1. avatar Missouri_Mule says:

      Republicans with spines are called haters and obstructionists: Ted Cruz, Rand Paul. Feel free to add names.

      1. avatar Weskyvet says:

        basically any Republican that doesn’t fight for a spot under Pelosi’s desk would fit in that category.

        Sadly though it would seem we still have some Republicans stuck in the Obama era mantra of adapting positions and policies to “steal” Democrat voters from the Democrats.

      2. avatar Nanashi says:

        If you think Ted Cruz is worth keeping, you haven’t paid attention to his acts. Grassley-Cruz was an attempt to deprivatize medical records and give the ATF loads of money with the only requirement be they don’t conduct more, already illegal, Fast and Furious plots. His campaign website tried to spin that as being “pro-second amendment”, conviently lacking any links to the actual legislation.

        1. avatar Weskyvet says:

          I don’t know why but Cruz has always struck me as a bit of an a-hole.

  4. avatar Missouri_Mule says:

    HR 38 has 208 co-sponsors; yet we can’t get a vote. We only need 218 to pass the House. Paul Ryan is sandbagging us. John Lott estimates there are 16.5 million concealed permit holders and DJT holding his pen, but we can’t get this passed.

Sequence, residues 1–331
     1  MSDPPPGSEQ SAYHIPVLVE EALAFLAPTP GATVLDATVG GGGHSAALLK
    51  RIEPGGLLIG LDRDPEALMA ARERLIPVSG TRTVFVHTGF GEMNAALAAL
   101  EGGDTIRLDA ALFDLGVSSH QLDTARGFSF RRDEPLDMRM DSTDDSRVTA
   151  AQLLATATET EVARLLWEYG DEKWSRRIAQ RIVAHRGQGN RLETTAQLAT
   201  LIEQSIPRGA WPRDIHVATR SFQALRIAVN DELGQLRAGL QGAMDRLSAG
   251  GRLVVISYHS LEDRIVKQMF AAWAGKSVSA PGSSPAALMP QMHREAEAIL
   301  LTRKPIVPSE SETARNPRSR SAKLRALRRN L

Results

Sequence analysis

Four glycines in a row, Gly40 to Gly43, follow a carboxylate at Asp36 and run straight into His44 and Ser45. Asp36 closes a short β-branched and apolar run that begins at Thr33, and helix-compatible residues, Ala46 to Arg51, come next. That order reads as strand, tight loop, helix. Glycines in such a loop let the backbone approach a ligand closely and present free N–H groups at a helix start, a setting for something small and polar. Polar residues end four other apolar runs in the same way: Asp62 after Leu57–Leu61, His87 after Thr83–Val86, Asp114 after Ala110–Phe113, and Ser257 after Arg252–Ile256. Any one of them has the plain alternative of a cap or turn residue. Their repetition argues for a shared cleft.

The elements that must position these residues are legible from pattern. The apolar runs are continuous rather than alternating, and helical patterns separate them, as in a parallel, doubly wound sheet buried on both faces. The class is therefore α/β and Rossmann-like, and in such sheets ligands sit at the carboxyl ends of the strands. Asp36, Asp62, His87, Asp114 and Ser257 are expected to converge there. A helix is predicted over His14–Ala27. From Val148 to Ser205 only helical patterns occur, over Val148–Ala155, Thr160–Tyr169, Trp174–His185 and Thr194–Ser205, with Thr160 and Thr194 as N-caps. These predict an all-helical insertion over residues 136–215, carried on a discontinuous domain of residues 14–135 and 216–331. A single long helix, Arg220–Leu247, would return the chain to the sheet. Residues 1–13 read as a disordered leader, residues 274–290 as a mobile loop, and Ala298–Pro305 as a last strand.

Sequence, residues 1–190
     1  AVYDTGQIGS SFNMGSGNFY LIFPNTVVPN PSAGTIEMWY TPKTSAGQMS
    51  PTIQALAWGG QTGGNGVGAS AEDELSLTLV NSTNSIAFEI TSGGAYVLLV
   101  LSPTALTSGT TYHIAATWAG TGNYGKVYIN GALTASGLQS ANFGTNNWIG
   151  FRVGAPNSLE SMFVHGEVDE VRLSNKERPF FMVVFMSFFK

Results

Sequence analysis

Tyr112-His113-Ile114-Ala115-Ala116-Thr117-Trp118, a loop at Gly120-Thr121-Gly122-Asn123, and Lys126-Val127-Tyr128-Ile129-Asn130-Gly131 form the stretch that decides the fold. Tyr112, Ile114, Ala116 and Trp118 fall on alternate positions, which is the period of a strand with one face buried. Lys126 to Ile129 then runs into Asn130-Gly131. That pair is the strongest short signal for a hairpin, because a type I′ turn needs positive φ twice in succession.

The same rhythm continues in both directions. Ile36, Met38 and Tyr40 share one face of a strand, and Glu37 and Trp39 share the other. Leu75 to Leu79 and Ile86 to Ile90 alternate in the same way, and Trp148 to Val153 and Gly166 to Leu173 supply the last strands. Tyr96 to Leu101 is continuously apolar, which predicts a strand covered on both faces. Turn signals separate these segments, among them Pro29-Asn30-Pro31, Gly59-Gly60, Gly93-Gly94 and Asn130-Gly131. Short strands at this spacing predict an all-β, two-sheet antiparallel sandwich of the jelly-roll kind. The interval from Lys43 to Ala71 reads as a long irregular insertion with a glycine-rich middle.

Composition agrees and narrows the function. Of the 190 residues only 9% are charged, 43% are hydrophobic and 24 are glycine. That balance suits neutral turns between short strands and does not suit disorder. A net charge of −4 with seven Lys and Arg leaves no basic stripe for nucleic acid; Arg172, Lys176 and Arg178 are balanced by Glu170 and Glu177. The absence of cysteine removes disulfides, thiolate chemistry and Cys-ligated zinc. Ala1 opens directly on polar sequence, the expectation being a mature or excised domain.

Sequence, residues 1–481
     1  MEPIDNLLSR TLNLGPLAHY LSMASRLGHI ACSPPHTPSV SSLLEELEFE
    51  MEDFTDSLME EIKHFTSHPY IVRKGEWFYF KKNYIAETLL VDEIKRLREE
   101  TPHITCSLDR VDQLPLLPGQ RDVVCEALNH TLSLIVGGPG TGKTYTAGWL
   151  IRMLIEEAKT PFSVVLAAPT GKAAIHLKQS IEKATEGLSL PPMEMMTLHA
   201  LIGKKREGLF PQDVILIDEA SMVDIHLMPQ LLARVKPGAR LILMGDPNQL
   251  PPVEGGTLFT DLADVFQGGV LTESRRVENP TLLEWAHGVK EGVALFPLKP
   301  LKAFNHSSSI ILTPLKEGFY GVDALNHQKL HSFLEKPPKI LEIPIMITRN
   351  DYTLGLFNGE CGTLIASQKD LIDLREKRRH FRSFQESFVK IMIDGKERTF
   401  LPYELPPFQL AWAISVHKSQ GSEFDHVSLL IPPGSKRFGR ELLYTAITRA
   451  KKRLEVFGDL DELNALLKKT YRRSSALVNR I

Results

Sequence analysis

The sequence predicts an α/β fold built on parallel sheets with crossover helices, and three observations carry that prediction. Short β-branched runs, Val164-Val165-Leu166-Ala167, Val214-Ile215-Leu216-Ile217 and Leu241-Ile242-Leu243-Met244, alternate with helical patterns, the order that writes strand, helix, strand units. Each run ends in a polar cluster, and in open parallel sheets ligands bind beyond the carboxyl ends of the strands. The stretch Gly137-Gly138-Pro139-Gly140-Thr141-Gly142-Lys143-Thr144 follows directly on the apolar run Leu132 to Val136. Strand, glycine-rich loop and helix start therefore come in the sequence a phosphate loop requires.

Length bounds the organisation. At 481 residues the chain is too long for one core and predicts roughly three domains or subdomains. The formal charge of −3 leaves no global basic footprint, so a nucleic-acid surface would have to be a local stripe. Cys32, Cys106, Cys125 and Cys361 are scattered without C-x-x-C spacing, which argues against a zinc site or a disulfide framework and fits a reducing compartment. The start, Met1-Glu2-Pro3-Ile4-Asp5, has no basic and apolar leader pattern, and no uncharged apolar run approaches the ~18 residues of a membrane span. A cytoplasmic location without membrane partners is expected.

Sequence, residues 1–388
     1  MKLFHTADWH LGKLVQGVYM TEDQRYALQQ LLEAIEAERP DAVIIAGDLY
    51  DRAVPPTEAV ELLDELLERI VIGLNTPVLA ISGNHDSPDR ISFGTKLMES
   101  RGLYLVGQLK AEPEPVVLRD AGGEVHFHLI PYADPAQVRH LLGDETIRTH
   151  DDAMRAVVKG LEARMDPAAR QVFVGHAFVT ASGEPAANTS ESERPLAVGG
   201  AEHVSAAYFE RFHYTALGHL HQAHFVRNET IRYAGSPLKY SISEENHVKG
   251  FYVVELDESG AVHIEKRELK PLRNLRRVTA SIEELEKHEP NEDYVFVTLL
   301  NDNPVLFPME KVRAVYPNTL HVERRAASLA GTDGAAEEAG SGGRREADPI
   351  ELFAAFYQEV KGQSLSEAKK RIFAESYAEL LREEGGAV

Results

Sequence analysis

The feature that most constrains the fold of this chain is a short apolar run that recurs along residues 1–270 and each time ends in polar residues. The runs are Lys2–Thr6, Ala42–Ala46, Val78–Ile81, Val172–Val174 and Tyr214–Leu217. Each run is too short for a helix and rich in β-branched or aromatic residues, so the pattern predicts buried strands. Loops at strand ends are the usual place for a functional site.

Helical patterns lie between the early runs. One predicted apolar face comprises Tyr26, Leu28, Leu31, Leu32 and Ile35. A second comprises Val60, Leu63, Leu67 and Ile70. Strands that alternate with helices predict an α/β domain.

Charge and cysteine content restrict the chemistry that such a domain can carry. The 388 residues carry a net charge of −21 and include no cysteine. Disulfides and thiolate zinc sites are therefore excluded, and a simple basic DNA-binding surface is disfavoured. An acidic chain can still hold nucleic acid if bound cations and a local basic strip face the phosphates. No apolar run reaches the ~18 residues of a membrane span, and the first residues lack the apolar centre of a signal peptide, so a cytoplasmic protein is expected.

5. avatar CLarson says:

    It’s not going to happen. The best we can hope for is silencer deregulation to slip through attached to some must pass legislation.

  6. avatar Ed Rogers says:

    About as much hope as for the Hearing Protection Act…

  7. avatar Vincent says:

    Kill National Reciprocity. If you don’t live in a free state you can move.

    1. avatar Missouri_Mule says:

      Vincent – I assume your are not a fan of 42 U.S. Code § 1983 – Civil action for deprivation of rights either.

    2. avatar Ed says:

      Problem is ,some of us that live in “good” states might want to travel to “bad” states and demand the same freedoms wr have at home. Isn’t this what the civil war was fought over, the limitation of the states to govern themselves?

    3. avatar Hank says:

      Hell no. It’s the MFing union. The constitution applies everywhere. Regardless what the states say.

  8. avatar Darkman says: